Tuesday, October 12, 2010

Preacious Boobs

Being a flat chested Tom Boy was one of the best times I had ever had. I could climb anything I wanted and could jump as high as I wanted with no pain involved. I went through puberty at a very young age, not that 11 is young for puberty these days. But it was the most uncomfortable and unpleasant stage for me. Not to mention the humiliation from the boys at school who just loved tugging on my practice bra. I hated watching these things grow and the pain that came with them. Why could I not just be like my guy friends and go topless on a hot day anymore? It took huge adjustments for me and all of a sudden I had to act like this lady I did not feel like inside.

Fast forward a few years when I had L. I now sort of understood why I had to grow these. I tried breast feeding for 3 months and things were just not working out. I mean I had a screaming baby to deal with for most of the day and having sore and leaky boobs just seemed like it was adding to all I had to deal with.

So to get to my point, I have never actually thought about my boobs until I went to the Breast Cancer Awareness Seminar my mom had at their church last year. My sisters future mother in law - J -  is a representative of the Cancer Association on South Africa and gave us a presentation. My sister and I were both not prepared for what J would tell us. The reason why she loved working with Cancer patients is because she has actually had Cancer too. Not just any Cancer, Breast Cancer. When we chatted after, she explained to us that she had the breast removed ( I think) and now is a diabetic. I was astonished at the fact that we had no idea. She had always been adamant about my sister going to get checked, but never really told us why. Such a lovely woman, and she had to deal with a disease like that.

Look I am no stranger to Cancer. One of my most loved uncles ( I have ten), Teddy, was diagnosed with a brain tumor in 1996. I remeber the day so clearly. He was sitting at my Grandad's Kitchen table, holding his head from the pain. He ended up going in for treatment but there was nothing they could really do. He eventually came and lived with us and stayed in the room the my sister now stays in. He got bed sores, spat in a brown bag.,got really thin and my dad had to take him to the bathroom and give him a bath. I sat and wathced him dissappear. My sister and I went and spoke to him when we could but the smell of death just got stronger and we enterd the room less. He eventually gave in to the pain and surccummed to the cancer in 1997, and we all still miss him greatly.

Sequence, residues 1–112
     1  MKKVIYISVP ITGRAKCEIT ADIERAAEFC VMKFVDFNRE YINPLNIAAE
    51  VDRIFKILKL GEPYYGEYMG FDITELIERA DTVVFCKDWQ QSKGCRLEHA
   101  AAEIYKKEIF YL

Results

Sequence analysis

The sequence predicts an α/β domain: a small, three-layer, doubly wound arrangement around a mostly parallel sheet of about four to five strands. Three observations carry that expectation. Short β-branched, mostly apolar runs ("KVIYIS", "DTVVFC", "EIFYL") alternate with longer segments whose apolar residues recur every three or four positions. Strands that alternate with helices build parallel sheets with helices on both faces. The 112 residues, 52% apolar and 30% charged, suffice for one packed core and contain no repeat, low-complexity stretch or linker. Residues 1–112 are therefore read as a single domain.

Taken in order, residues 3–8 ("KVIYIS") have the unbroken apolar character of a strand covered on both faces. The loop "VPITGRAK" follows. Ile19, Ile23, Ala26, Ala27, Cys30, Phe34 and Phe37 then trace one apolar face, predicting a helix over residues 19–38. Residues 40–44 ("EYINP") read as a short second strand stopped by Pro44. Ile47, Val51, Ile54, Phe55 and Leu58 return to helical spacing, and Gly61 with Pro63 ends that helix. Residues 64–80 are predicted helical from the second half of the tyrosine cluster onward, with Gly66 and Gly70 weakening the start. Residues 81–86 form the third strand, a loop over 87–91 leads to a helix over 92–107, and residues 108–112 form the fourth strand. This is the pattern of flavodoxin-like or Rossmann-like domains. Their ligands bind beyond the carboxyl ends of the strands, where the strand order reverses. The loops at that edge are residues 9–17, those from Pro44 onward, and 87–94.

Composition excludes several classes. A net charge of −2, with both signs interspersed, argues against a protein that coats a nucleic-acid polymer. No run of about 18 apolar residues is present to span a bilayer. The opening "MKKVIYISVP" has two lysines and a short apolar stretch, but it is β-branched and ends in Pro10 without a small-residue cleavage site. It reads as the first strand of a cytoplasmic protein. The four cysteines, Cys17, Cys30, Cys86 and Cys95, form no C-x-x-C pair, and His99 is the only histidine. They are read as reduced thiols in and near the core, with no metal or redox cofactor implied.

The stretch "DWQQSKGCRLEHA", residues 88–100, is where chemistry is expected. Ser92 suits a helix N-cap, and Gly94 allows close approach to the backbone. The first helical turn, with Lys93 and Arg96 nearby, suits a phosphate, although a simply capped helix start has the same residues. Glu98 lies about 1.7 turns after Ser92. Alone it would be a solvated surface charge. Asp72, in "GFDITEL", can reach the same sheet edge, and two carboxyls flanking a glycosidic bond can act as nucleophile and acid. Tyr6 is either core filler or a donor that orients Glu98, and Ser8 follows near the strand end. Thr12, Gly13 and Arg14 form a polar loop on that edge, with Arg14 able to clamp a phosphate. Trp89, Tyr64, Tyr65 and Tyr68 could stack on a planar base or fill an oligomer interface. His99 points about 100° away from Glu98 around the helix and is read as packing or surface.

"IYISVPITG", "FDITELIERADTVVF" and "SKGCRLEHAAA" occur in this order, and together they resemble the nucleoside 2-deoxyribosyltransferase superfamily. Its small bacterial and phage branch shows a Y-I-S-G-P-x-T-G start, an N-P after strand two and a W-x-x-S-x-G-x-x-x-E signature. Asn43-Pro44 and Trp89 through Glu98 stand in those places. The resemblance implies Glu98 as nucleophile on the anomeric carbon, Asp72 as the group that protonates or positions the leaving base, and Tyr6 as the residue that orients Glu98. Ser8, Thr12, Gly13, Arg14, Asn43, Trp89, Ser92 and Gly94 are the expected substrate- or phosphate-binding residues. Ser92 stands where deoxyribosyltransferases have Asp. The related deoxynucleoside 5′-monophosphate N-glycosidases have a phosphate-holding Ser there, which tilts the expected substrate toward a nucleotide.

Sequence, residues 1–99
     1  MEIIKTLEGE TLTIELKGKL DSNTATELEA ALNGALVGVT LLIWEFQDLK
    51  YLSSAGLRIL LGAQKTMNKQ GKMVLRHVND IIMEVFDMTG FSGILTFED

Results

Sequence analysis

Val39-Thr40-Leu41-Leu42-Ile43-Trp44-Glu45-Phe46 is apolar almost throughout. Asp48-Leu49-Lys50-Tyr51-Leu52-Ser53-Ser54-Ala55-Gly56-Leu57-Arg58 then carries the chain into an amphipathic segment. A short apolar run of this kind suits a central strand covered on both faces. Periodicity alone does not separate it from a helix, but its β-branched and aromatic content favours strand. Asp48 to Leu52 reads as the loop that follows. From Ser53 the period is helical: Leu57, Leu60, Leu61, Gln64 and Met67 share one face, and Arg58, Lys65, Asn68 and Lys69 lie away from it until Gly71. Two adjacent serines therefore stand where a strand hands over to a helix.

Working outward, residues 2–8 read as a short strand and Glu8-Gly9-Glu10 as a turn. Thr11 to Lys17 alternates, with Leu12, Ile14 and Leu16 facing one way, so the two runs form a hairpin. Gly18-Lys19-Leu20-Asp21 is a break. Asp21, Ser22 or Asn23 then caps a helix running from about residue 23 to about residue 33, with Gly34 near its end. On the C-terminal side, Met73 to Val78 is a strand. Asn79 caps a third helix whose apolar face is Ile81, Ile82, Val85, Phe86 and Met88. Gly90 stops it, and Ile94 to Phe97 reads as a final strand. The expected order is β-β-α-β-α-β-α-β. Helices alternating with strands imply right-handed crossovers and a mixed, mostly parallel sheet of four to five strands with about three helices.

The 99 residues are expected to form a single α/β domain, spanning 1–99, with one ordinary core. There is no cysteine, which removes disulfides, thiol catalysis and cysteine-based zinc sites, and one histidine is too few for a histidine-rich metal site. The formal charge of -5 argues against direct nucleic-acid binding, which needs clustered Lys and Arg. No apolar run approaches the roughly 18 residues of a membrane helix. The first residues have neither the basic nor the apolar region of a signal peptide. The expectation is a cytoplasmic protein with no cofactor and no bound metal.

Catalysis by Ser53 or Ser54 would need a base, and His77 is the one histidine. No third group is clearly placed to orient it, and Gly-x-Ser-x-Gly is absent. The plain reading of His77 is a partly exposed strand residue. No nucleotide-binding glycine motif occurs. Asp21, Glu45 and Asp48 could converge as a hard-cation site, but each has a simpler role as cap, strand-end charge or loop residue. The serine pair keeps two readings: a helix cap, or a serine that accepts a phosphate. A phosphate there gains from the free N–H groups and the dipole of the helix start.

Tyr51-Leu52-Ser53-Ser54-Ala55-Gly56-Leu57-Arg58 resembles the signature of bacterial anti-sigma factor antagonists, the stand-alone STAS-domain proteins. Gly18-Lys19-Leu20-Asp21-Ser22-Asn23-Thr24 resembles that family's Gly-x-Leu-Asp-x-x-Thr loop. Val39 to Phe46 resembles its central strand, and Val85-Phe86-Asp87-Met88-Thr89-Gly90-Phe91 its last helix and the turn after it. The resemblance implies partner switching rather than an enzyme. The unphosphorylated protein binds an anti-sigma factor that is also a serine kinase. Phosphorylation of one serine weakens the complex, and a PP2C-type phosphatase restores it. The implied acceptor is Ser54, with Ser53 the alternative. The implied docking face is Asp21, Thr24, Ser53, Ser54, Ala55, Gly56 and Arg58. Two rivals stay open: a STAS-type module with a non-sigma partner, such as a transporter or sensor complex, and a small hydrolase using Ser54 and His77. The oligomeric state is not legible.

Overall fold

This story has repeated itself another two times in my life with both my Granddad's passing from prostate cancer. But I never really thought I could be touched by it because we have not had one female in our family get cancer, much less breast cancer.

But now I have A, my exclusivelly breast fed baby. I never knew breast feeding would become such a wonderful experience for me. We have bonded so wonderfully and I love just spending quiet time with her while she feeds. It never occured to me that my breasts would actually be so important in bonding with my baby.

Now I think of J and wonder if she ever thought it would happen to her. She is the only one in her family who has had it and probably just sat like me at one stage and thought she was in the clear. And here I sit, never been checked because my naivete told me I would be fine, just like all the other ladies in our South African black and coloured cultures. We are untouchabe when it comes to these illnesses, right. So why go through the inconvenience of a Memmogramme.
But what if I had got it before I had the opportunity to bond with A? I love my Breast feeding and would have missed out greatly!

So I made the vow to myself to get checked as soon as I stop breast feeding. I dont want to be one of those woman who find out near the end and only have so much more time to spend with family.

So will you get checked?

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